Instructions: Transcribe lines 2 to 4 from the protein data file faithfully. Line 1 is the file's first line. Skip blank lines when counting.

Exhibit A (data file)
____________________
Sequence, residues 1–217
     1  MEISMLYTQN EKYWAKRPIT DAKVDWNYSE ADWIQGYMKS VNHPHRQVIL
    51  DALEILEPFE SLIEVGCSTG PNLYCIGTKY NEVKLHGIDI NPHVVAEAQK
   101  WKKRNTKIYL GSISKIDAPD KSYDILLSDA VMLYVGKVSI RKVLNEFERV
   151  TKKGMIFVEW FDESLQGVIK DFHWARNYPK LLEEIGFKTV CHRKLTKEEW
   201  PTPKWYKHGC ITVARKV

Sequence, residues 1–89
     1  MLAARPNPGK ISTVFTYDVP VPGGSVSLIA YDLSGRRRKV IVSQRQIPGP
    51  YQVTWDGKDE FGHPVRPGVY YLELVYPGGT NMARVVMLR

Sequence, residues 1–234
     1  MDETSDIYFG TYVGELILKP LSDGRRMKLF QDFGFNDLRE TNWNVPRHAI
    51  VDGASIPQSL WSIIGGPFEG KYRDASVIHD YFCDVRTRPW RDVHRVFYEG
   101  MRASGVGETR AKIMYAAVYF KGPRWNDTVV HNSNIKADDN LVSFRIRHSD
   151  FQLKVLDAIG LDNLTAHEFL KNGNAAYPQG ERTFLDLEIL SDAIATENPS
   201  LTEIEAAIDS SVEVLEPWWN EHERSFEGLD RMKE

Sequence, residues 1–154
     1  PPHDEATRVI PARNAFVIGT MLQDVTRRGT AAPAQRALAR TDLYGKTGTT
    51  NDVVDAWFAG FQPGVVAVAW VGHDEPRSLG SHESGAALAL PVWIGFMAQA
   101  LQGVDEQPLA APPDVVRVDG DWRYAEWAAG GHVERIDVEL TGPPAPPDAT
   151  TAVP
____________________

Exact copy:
     1  MEISMLYTQN EKYWAKRPIT DAKVDWNYSE ADWIQGYMKS VNHPHRQVIL
    51  DALEILEPFE SLIEVGCSTG PNLYCIGTKY NEVKLHGIDI NPHVVAEAQK
   101  WKKRNTKIYL GSISKIDAPD KSYDILLSDA VMLYVGKVSI RKVLNEFERV